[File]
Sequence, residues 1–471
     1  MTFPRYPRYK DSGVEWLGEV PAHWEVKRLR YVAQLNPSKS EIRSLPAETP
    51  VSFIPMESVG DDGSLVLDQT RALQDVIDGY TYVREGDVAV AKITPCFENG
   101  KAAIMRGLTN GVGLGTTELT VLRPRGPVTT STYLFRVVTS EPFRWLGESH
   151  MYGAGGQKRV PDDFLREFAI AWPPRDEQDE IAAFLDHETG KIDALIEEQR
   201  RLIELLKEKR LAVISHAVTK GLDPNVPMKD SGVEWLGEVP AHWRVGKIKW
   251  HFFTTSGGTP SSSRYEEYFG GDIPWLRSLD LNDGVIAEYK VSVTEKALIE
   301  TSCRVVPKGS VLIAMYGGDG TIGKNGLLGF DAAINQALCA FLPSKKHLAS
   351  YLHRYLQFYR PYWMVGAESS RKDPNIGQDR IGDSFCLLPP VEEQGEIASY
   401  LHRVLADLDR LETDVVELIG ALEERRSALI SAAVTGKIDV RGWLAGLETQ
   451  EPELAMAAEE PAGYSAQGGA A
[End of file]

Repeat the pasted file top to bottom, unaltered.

Sequence, residues 1–471
     1  MTFPRYPRYK DSGVEWLGEV PAHWEVKRLR YVAQLNPSKS EIRSLPAETP
    51  VSFIPMESVG DDGSLVLDQT RALQDVIDGY TYVREGDVAV AKITPCFENG
   101  KAAIMRGLTN GVGLGTTELT VLRPRGPVTT STYLFRVVTS EPFRWLGESH
   151  MYGAGGQKRV PDDFLREFAI AWPPRDEQDE IAAFLDHETG KIDALIEEQR
   201  RLIELLKEKR LAVISHAVTK GLDPNVPMKD SGVEWLGEVP AHWRVGKIKW
   251  HFFTTSGGTP SSSRYEEYFG GDIPWLRSLD LNDGVIAEYK VSVTEKALIE
   301  TSCRVVPKGS VLIAMYGGDG TIGKNGLLGF DAAINQALCA FLPSKKHLAS
   351  YLHRYLQFYR PYWMVGAESS RKDPNIGQDR IGDSFCLLPP VEEQGEIASY
   401  LHRVLADLDR LETDVVELIG ALEERRSALI SAAVTGKIDV RGWLAGLETQ
   451  EPELAMAAEE PAGYSAQGGA A